By Brian D'Ambrosio
Brendan Witt knew one of the Philadelphia Flyers would approach.
After all, the bruising fourth liners tended to drop the gloves. Slightly after the six-minute mark of the first period, on March 9, 1997, the "Dan Line" -- consisting of Dan Kordic, Daniel Lacroix and Scott Daniels -- hoped to send a message to Witt's Washington Capitals.
"Philly put these guys out," says Witt. "So you knew something was about to happen. The puck dropped and all three of those guys were coming at me. Lacroix didn't get to me quicker than Kordic. Kordic beat Daniels by a hair. That's how that happened. A lot of people forget that."
Witt, an adherent to old-school hockey's philosophy of shedding the mitts and playing to the final buzzer each night, piled up 1,424 penalty minutes in 890 career regular season games. In his 14 years in the NHL, his exceptionally spirited bout with Dan Kordic stands out in the annals of hockey tussles.
Younger brother of legendary enforcer John Kordic, Dan spent the full 1996-97 and 1997-98 seasons with the Flyers, recording a career high in games (75 in 1996-97) and penalty minutes (210, two years in a row to lead the team in 1997-98). His NHL career was over come 1999.
Noted primarily for his unrestrained abandon, dishing out of body checks and general stinginess in front of his own net, Witt chucked the knuckles, too, when needed. A vanishing fusion in today's game -- he could fight, play and turn the goal crease into his personal battlefield. The Witt-Kordic fight was, in the words of Washington Capitals announcers, "a beauty" and "a great battle." As far as who lost the decision: Kordic ended up with a cut nose -- and an extra 12 minutes in penalties.
"You know you've had a good fight when you receive a standing ovation from the Philly crowd," says Witt, who lives on a 100-acre ranch south of Missoula, Montana. "I love Philly fans. They are very passionate. To get that applause, I loved it."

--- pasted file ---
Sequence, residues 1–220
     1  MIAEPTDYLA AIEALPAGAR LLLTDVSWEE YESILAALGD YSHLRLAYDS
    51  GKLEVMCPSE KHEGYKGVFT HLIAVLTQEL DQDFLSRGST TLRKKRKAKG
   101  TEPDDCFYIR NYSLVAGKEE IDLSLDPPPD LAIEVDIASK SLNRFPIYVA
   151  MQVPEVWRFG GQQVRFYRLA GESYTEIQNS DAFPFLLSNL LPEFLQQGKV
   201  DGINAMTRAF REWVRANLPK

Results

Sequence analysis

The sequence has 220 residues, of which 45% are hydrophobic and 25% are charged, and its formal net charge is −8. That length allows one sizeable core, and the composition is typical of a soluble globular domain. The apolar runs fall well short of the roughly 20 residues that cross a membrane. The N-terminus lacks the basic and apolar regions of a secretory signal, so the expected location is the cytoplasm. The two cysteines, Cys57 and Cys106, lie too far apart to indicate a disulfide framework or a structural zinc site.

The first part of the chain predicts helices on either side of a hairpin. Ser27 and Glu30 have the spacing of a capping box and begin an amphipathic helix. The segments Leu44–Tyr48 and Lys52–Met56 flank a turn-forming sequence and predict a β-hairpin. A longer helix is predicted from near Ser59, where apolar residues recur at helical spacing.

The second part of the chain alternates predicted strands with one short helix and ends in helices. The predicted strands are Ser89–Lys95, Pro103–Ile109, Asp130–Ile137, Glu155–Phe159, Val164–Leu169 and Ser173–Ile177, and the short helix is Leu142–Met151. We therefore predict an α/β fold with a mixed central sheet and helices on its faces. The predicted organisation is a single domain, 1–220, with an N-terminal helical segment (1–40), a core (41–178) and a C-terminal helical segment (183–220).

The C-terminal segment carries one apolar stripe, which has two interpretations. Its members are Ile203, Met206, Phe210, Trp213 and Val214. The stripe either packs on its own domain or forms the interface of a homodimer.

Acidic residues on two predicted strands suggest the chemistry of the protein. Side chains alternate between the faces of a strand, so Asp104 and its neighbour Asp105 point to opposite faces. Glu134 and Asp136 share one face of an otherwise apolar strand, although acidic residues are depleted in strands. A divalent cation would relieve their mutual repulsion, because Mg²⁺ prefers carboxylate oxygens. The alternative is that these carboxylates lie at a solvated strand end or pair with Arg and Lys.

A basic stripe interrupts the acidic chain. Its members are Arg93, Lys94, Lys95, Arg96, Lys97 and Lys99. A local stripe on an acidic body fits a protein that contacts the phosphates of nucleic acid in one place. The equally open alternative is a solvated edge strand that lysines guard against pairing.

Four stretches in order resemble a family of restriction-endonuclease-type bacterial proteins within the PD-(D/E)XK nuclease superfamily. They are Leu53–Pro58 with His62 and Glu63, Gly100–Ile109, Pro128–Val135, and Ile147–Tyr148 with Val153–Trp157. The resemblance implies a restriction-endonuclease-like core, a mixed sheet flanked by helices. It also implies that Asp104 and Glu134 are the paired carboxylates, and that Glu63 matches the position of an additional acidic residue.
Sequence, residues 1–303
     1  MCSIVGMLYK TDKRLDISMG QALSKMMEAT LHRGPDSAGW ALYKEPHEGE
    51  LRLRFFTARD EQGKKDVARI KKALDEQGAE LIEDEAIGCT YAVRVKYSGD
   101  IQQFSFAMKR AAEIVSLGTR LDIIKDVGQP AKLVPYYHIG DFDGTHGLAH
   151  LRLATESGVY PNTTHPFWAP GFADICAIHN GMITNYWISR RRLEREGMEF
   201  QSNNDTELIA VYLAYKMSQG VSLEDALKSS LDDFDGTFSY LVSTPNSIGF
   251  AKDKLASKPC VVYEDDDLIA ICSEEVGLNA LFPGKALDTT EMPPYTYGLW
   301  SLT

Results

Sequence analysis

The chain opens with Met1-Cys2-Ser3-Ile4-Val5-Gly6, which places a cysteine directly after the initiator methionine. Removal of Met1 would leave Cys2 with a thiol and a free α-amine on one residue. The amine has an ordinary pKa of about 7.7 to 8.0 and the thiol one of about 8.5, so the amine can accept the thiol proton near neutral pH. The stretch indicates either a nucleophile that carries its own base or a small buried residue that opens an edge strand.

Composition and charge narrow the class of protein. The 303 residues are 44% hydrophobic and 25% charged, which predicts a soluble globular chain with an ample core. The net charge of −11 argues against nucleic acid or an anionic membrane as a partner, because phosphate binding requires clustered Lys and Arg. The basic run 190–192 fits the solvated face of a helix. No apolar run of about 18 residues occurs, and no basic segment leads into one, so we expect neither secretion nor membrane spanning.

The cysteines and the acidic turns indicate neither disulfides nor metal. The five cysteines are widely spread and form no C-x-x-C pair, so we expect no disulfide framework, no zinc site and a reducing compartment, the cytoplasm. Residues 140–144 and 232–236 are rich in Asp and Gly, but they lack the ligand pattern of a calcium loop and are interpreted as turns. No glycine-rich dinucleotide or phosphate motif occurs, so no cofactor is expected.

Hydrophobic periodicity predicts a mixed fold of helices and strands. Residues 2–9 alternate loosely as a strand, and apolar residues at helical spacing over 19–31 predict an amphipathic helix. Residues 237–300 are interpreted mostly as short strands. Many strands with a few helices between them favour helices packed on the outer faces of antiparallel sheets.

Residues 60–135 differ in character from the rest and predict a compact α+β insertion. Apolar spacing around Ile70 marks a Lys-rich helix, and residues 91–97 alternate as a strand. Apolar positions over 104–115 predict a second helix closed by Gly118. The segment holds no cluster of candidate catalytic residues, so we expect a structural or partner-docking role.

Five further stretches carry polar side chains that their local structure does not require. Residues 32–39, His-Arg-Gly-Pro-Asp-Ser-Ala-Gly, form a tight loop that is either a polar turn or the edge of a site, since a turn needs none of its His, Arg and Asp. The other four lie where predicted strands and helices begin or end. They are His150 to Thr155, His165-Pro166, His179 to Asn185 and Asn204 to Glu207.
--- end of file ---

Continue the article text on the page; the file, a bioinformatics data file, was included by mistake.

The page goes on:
Witt says that in addition to the Kordic altercation, his most memorable scraps came against Chicago Blackhawk Ryan VandenBussche (March 12, 1997), and twice in the same contest versus New Jersey Devil Randy McKay (December 1, 1998).
"You know who gave me the most trouble was Scott Daniels, who played for Hartford, New Jersey and then Philly. I had also had a hell of a fight with Jason Wiemer in juniors, too. It's on YouTube."
Witt's long, stretched hair, hippyish winter knit and multihued tattoos give him the appearance of a rockstar-hipster hybrid, but the facial scars and blemished knuckles reveal the hazards of his chosen mode of play.
"Playing with the Capitals, it was great to have guys like Dale Hunter and Craig Berube around," says Witt. "They taught me to play hard, check hard and sweat it out. They were guys from a different era."
Witt, 38, says he is still good friends with Chris Simon and Craig Berube -- a veteran enforcer who served first as an opponent, then mentor and buddy, and once even an accidental casualty.
"In training camp, I broke Berube's jaw when I hit him along the boards. I was so scared because his wife was very upset. She gave it to me when I came over to their house. He had to take out his teeth and drink protein shakes through a straw for three weeks."
One of Witt's most unforgettable moments came in 1995, when he had the opportunity to pin Cam Neely against the boards in Washington. He showed no pity for even his childhood hero when the Bruin's power forward dared enter his territory.